I think you'll find that Richard aka Cohiba is doing a bit more than guessing. He is "in the know" so to speak

All the best!
/Mikael
Kevlar06
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Posted: Friday, June 08, 2018 - 03:58 PM UTC
So I think I found the answer to my own question! I decided to go to the WnW instruction manual for the Sopwith Triplane-- and while browsing the web-site download, discovered that they refer to the seat as an "armored" seat-- and reference the Shuttleworth collections reproduction, which shows a leather covered metal seat. So I guess those of you who guessed it was armored are correct.
VR, Russ
Kevlar06
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Posted: Friday, June 08, 2018 - 03:14 AM UTC

Quoted Text

Ah the optional seat....

I believe that is from one of Arch Whitehouse's semi or truly autobiographic book on our subject.

By the way, that bare Al seat was probably Not leather covered. if that large fuel tank was holed behind the pilot and started to burn the aluminum seat would offer some protection... Maybe enough to get to the ground.

conjecture of course.

Captn Tommy



Tom,
I'm not sure about the covering. The prototype seat pictured in the Windsock data file has perforations in it-- and is definitely a dark color, not bare metal-- but I think it's wood, like the French seats are. The WnW Pup seat and the Roden Tripe seat are too "thick" to be aluminum (like the Vintage Aviator seat pictured above) and the color call-outs recommend shades of brown. German seats were very similar to the one above, but they had a thicker leather coating. There is some merit to what you say regarding the reason for having a metal seat-- I'd think a metal seat would hold up much better from wear and tear, offer a little bit of protection from fire as you mentioned, and perhaps from bullets too if their velocity had already been slowed by inertia or passing through the airframe. I'd also think metal seats would be easier to produce than the wicker seats. Once you have the dies for the metal worked out, it's just a matter of feeding the stamps and riveting the parts together. I'd think wicker would be very labor intensive, trying to soak and bend the frame and then weaving the thing together.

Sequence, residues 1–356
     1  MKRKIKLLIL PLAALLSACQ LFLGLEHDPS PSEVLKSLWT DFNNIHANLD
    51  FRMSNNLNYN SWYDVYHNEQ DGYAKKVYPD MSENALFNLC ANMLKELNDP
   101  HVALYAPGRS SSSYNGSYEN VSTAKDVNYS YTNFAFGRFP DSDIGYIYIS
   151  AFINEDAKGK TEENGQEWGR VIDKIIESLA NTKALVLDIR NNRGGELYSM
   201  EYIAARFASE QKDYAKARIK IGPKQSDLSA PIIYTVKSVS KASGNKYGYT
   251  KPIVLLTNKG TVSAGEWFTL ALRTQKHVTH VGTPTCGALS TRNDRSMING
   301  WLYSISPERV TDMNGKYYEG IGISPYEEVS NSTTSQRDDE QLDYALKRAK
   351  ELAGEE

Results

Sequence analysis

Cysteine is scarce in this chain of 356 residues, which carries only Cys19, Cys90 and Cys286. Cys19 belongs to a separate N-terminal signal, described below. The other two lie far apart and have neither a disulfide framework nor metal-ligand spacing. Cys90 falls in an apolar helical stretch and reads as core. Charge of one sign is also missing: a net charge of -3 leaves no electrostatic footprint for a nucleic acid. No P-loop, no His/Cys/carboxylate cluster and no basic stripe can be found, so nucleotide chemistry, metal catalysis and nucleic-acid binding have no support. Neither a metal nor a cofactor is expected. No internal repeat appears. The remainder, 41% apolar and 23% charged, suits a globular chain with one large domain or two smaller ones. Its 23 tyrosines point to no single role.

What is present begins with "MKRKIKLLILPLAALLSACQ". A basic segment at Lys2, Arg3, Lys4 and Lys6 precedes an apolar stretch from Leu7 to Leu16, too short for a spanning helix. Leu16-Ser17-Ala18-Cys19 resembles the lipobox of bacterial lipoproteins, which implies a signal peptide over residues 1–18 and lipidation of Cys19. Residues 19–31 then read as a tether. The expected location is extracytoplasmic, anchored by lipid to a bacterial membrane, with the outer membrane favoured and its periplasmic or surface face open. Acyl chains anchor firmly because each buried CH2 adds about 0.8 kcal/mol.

VR, Russ
CaptnTommy
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Posted: Friday, June 08, 2018 - 02:58 AM UTC
Ah the optional seat....

I believe that is from one of Arch Whitehouse's semi or truly autobiographic book on our subject.

By the way, that bare Al seat was probably Not leather covered. if that large fuel tank was holed behind the pilot and started to burn the aluminum seat would offer some protection... Maybe enough to get to the ground.

conjecture of course.

Captn Tommy
MichaelSatin
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Posted: Wednesday, June 06, 2018 - 10:32 AM UTC
I see. Well, my apologies, I stand corrected.

Michael
cohiba
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Posted: Wednesday, June 06, 2018 - 10:14 AM UTC

Quoted Text

Just to add fuel to the fire, I've read (somewhere) that pilots preferred the wicker seats and were allowed to purchase their own to install in their aircraft. Rules were different in WWI.

Michael



This is an unfortunate misconception/lie spread by people attempting to trick modellers into buying unnecessary and incorrect wicker seats for British aircraft that were never fitted with them.

The Sopwith Pup and Sopwith Triplane had metal seats to provide the pilot with some level of armor plating.

The idea that English gentlemen could fit out their personal aircraft from a catalogue of parts is boll... a total falsehood.
MichaelSatin
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Posted: Wednesday, June 06, 2018 - 08:30 AM UTC
Just to add fuel to the fire, I've read (somewhere) that pilots preferred the wicker seats and were allowed to purchase their own to install in their aircraft. Rules were different in WWI.

Michael
Kevlar06
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Posted: Wednesday, June 06, 2018 - 07:05 AM UTC

Quoted Text

Sir

I sympathize, It is an age old problem. It is call what's in Supply.

I have a trove of pictures of Sopwiths in my library (and I am not there) there were wicker chairs and ply chairs on Sopwiths. I believe most recent 1/32 Sopwiths copy the vintage Aviator Tripe.

the answer is any pilot seat that was in stock or was in line.
"IT"S WAR, boy use that one! IT FITS!" said the Foreman.

BTW, a plastic ply seat in 1/32 is easier to mold, accurately.

Captn Tommy